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Cover of Carbohydrate and Lipid Disorders and Relevant Considerations in Persons with Spinal Cord Injury

Carbohydrate and Lipid Disorders and Relevant Considerations in Persons with Spinal Cord Injury

Evidence Reports/Technology Assessments, No. 163

Investigators: , MD, MPH, , PhD, , MD, , MS, , MD, , BS, , MD, MS, , BS, , PhD, and , MD.

Rockville (MD): Agency for Healthcare Research and Quality (US); .
Report No.: 08-E005

Structured Abstract

Objectives:

To assess the prevalence of carbohydrate and lipid disorders in adults with chronic spinal cord injury and evaluate their risk contribution to cardiovascular diseases and the potential impact of exercise and pharmacologic and dietary therapies to alter these disorders and reduce cardiovascular disease risk.

Data Sources:

MEDLINE® (PubMed®), Cochrane Database and websites of the American Spinal Injury Association, American Paraplegia Society, Paralyzed Veterans of America, Consortium of Spinal Cord Medicine, and WorldCat through August 2007.

Review Methods:

English language observational studies addressing prevalence of carbohydrate and lipid disorders were included if they evaluated at least 100 adults with chronic spinal cord injury or a total of 100 subjects if using a control group. Epidemiologic investigations of more than 50 adults with spinal cord injury that were published in English after 1990 and reported cardiovascular morbidity and mortality were abstracted. Intervention studies from 1996-2007 were included regardless of design or size if they assessed exercise, diet, or pharmacologic therapies and reported carbohydrate, lipid, or cardiovascular outcomes.

Results:

The quality of evidence regarding the prevalence, impact, and outcomes of carbohydrate and lipid disorders in adults with chronic spinal cord injuries is weak. Evidence is limited by relatively few studies, small sample size, lack of appropriate control groups, failure to adjust for known confounding variables, and variation in reported outcomes. However, the existing evidence does not indicate that adults with spinal cord injuries are at markedly greater risk for carbohydrate and lipid disorders or subsequent cardiovascular morbidity and mortality than able-bodied adults. Body mass index is not reliable for assessing body composition, especially percent body fat, in adults with spinal cord injury. There are no high quality studies evaluating the impact of exercise, diet, or pharmacologic therapies on these disorders.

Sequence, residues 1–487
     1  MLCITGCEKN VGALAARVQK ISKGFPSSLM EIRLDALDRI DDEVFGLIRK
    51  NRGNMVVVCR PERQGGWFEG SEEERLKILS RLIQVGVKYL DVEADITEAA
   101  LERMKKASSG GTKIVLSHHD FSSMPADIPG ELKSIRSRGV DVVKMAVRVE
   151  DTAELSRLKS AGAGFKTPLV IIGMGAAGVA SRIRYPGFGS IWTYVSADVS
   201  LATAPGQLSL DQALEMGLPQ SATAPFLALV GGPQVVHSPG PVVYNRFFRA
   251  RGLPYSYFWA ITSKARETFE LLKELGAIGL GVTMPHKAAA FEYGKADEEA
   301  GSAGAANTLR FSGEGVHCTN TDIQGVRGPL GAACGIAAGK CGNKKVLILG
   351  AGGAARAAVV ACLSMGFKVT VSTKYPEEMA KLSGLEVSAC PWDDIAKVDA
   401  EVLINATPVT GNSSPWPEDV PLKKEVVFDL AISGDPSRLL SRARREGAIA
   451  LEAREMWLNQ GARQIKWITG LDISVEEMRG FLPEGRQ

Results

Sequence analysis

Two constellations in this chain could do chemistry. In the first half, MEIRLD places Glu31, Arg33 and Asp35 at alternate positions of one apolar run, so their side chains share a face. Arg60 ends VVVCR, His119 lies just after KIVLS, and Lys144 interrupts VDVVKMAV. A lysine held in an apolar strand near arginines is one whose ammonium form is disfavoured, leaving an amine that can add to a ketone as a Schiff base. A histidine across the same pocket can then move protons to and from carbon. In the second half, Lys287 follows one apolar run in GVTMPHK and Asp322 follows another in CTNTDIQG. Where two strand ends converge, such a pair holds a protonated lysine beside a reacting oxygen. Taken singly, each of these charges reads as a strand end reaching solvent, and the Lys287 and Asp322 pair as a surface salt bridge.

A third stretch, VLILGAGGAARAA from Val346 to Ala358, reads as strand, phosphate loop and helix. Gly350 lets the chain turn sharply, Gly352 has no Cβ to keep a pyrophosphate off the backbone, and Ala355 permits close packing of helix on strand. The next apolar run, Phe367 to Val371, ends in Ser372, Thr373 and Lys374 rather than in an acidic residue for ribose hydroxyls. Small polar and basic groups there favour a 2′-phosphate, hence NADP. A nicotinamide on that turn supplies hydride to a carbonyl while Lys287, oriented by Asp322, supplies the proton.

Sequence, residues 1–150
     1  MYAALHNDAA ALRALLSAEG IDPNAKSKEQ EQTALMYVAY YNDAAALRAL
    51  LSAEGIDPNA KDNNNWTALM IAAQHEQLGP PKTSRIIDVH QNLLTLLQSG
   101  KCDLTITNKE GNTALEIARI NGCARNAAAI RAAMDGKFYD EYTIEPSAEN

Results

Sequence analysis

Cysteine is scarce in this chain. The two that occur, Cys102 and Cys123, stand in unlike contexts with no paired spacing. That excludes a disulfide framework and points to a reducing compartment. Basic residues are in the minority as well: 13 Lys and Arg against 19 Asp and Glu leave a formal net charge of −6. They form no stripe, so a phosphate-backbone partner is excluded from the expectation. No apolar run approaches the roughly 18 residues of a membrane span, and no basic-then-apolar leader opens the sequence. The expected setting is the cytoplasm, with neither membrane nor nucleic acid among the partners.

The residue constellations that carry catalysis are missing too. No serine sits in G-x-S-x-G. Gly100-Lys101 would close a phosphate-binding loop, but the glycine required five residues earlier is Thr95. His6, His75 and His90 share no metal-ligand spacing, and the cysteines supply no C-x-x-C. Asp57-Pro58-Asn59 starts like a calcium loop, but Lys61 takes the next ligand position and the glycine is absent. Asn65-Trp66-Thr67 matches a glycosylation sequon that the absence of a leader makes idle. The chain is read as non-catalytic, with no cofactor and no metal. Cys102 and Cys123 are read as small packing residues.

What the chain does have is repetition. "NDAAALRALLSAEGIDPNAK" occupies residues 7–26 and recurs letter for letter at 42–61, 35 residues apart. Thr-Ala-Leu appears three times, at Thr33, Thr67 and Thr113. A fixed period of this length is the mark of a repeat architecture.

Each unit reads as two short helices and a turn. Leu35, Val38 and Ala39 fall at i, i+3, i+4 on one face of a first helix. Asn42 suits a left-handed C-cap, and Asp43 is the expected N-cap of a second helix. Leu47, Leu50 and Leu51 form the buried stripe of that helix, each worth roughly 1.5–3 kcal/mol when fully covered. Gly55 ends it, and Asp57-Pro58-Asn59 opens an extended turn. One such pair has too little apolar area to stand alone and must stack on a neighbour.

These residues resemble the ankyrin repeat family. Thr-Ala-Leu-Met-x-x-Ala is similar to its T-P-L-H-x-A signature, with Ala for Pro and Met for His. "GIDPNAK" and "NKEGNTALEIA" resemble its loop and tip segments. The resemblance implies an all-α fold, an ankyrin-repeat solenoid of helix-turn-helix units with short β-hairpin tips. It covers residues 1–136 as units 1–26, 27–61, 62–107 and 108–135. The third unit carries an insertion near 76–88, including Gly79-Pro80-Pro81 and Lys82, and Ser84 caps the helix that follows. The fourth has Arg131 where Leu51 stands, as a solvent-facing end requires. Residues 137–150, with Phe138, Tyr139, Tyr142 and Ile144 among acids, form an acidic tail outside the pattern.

Conclusions:

Evidence does not support using different thresholds to define or treat abnormal lipid and carbohydrate measures or to incorporate other markers to assess risk (e.g., insulin resistance, impaired fasting glucose, or impaired glucose tolerance) for individuals with spinal cord injuries compared to able-bodied adults. Due to physiologic differences between adults with spinal cord injuries and able-bodied individuals, caution may be required when extrapolating findings from studies conducted in able-bodied adults. The role of exercise in individuals with spinal cord injuries represents a unique challenge and requires further exploration into the benefits, harms, and resource implications of broad-based spinal cord injury exercise programs.

540 Gaither Road, Rockville, MD 20850. www​.ahrq.gov

Prepared for: Agency for Healthcare Research and Quality, U.S. Department of Health and Human Services.1 Contract No. 290-02-0009, Task Order #1. Prepared by: Minnesota Evidence-based Practice Center, Minneapolis, Minnesota.

Suggested citation:

Wilt TJ, Carlson FK, Goldish GD, et al. Carbohydrate & Lipid Disorders & Relevant Considerations in Persons with Spinal Cord Injury. Evidence Report/Technology Assessment No. 163 (Prepared by the Minnesota Evidence-based Practice Center under Contract No. 290-02-0009.) AHRQ Publication No. 08-E005. Rockville, MD. Agency for Healthcare Research and Quality. January 2008.

This report is based on research conducted by the Minnesota Evidence-based Practice Center (EPC) under contract to the Agency for Healthcare Research and Quality (AHRQ), Rockville, MD (Contract No. 290-02-0009, Task Order #1). The findings and conclusions in this document are those of the authors, who are responsible for its content, and do not necessarily represent the views of AHRQ. No statement in this report should be construed as an official position of AHRQ or of the U.S. Department of Health and Human Services.

The information in this report is intended to help clinicians, employers, policymakers, and others make informed decisions about the provision of health care services. This report is intended as a reference and not as a substitute for clinical judgment.

This report may be used, in whole or in part, as the basis for the development of clinical practice guidelines and other quality enhancement tools, or as a basis for reimbursement and coverage policies. AHRQ or U.S. Department of Health and Human Services endorsement of such derivative products may not be stated or implied.

No investigators have any affiliations or financial involvement (e.g., employment, consultancies, honoraria, stock options, expert testimony, grants or patents received or pending, or royalties) that conflict with material presented in this report.

1

540 Gaither Road, Rockville, MD 20850. www​.ahrq.gov

Bookshelf ID: NBK38458
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